A year ago, IT security researchers hacked the onboard computer in Fiat Chrysler's Jeep Cherokee. Now, the company is launching its first public bug bounty program.
Fiat Chrysler Automobiles (FCA) has the inauspicious distinction of being perhaps the first major auto vendor in the world to issue a vehicle recall due to IT security flaws. Now a year after researchers Charlie Miller and Chris Valasek detailed
flaws in FCA's vehicles including the Jeep Grand Cherokee that led to the recall
of 1.4 million vehicles, FCA is launching a bug bounty program.
The bug bounty program will award researchers up to $1,500 per vulnerability that is responsibly disclosed to FCA. The bug bounty will be operated by third-party bug bounty platform provider Bugcrowd.
"Bug bounties are incredibly effective, but they aren't a trivial undertaking," Casey Ellis, CEO and founder of Bugcrowd, told eWEEK
. "FCA chose the measured approach, along with partnering with Bugcrowd, to make sure their program is successful for both the hackers who participate and FCA itself."
Bugcrowd isn't the only vendor that provides managed bug bounty programs. Other vendors include HackerOne, which recently conducted the "Hack the Pentagon" program for the U.S. Department of Defense. Ellis said that FCA did its due diligence and settled on Bugcrowd as its vendor of choice. Overall, he noted that as the market for bug bounties evolves, he is seeing adoption of the concept as a whole.
"Given that the rising tide floats all boats, that means all of the providers are seeing successful takeup in the parts of the market they've decided to focus on," Ellis said.
Bugcrowd tracks the cost of bug bounties in a report
it updated in June. According to the "2016 State of Bug Bounty" report, the average bug bounty payout is now $500.
"One of the interesting phenomena in bug bounty programs is that it's very easy to boost your rewards up, and quite difficult to bring them down," Ellis said. "On that basis we recommended that FCA starts with rewards that are economically reasonable for them, while providing a good incentive to activate the community."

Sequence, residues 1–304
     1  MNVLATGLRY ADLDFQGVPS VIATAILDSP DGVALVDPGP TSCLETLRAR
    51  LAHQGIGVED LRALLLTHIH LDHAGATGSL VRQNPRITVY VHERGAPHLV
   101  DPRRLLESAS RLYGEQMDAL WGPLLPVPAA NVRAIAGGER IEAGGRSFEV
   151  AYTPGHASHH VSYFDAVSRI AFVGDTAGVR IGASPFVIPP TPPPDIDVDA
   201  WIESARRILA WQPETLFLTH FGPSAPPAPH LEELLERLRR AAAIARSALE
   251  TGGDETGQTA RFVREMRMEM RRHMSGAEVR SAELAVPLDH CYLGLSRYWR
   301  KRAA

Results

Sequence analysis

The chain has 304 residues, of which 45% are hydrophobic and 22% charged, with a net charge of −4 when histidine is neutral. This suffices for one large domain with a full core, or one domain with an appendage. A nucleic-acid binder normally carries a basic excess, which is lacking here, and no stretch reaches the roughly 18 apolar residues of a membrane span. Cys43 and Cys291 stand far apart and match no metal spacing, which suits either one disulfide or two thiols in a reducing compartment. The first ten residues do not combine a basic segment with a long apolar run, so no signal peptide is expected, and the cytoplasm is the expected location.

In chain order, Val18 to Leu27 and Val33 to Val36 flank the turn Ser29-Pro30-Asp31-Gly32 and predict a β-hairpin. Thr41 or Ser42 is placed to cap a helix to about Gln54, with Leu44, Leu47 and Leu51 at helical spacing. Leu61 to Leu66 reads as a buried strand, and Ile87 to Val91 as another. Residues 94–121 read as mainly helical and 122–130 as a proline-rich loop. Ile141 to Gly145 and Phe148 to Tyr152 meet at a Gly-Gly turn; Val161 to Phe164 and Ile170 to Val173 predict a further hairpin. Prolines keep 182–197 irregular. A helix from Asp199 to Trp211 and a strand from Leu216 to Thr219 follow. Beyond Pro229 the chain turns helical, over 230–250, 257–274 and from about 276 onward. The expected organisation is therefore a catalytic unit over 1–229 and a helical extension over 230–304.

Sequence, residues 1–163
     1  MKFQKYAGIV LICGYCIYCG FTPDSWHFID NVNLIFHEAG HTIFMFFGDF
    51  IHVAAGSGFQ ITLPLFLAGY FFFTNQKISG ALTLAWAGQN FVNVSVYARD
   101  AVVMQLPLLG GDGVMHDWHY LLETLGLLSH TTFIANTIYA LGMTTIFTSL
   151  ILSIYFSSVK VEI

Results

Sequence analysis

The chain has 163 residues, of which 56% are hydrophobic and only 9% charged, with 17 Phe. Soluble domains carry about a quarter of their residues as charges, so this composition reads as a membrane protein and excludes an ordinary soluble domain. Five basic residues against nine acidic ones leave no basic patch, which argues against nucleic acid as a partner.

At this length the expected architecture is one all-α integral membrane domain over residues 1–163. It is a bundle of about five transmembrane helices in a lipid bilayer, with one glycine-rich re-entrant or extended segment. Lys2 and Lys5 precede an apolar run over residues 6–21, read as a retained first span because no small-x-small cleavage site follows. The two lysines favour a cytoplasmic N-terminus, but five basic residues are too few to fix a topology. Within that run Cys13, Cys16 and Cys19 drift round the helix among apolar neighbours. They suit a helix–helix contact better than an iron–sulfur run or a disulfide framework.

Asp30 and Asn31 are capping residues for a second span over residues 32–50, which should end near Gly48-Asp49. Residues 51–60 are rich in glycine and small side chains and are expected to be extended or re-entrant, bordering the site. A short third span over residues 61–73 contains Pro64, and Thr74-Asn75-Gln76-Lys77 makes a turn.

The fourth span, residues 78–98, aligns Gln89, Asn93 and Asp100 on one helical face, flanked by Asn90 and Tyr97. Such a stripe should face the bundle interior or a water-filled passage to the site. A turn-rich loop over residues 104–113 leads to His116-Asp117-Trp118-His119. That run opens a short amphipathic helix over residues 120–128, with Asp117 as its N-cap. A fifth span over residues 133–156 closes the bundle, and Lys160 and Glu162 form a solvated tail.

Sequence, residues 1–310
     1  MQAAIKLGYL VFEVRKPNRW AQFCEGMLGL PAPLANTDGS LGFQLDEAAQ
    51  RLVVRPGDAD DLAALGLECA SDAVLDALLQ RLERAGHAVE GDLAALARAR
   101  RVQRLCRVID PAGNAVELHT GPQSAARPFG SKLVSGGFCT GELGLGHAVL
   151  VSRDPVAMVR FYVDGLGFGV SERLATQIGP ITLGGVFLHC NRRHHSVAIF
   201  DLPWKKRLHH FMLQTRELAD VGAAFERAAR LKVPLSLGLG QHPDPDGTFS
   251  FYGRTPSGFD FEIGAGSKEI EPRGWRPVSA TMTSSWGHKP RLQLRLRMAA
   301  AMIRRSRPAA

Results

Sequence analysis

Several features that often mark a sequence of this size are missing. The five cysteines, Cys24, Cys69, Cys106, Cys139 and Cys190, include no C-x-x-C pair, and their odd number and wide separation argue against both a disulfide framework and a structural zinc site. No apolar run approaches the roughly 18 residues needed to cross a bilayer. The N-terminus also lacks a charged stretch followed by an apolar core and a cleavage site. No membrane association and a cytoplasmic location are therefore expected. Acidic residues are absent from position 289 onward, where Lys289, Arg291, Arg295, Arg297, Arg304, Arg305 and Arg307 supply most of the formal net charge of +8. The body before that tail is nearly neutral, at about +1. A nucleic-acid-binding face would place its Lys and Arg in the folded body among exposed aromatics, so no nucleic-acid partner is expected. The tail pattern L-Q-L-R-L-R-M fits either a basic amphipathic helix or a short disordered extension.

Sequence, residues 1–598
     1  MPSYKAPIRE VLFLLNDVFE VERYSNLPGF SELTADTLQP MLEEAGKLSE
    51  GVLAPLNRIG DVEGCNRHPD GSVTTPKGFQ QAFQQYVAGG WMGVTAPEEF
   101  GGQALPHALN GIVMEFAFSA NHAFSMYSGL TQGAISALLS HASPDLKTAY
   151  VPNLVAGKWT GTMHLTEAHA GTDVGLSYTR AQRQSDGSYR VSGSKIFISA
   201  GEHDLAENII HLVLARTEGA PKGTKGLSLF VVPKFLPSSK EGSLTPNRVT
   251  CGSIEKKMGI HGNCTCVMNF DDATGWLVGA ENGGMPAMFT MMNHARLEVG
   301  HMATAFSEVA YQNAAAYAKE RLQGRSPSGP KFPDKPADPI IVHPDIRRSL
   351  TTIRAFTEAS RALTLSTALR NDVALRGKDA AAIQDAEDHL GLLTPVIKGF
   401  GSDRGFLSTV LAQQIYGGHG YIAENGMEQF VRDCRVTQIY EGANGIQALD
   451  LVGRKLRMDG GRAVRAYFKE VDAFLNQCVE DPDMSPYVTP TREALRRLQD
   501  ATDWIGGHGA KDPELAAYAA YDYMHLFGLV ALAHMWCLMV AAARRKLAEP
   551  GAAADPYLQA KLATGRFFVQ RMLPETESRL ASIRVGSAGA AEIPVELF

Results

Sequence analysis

Ellis expects the FCA bug bounty rewards to increase over time. He also noted FCA will pay $1,500 for the most severe vulnerability, although it is at FCA's discretion to go beyond that amount if the company sees fit.
Bugcrowd is no stranger to helping the automobile industry—it already runs a bug bounty program for electric car maker Tesla.
"Tesla started early and has done a phenomenal job in developing a relationship with the hacker community to make their cars safer," Ellis said. "The key difference is in the age of the company, and the number of vehicles on the road. FCA has been around a long, long time, which is what makes this program both historic and unique."
The researchers who first disclosed flaws in FCA vehicles at the Black Hat USA 2015 conference, Miller and Valasek, are speaking at the 2016 event and are scheduled
to disclose new automobile flaws on Aug. 4.
"Marketing to the supply side [i.e., the hackers] is a key part of a successful bug bounty program, and I expect that any buzz generated by the vulnerabilities that Miller and Valasek have discovered will help with overall traction for the program," Ellis said. "As for the vulnerabilities themselves, now Miller and Valasek have a clear vehicle to communicate these to FCA, and a clear expectation set of what they can expect from FCA in return."
Sean Michael Kerner is a senior editor at
InternetNews.com. Follow him on Twitter @TechJournalist.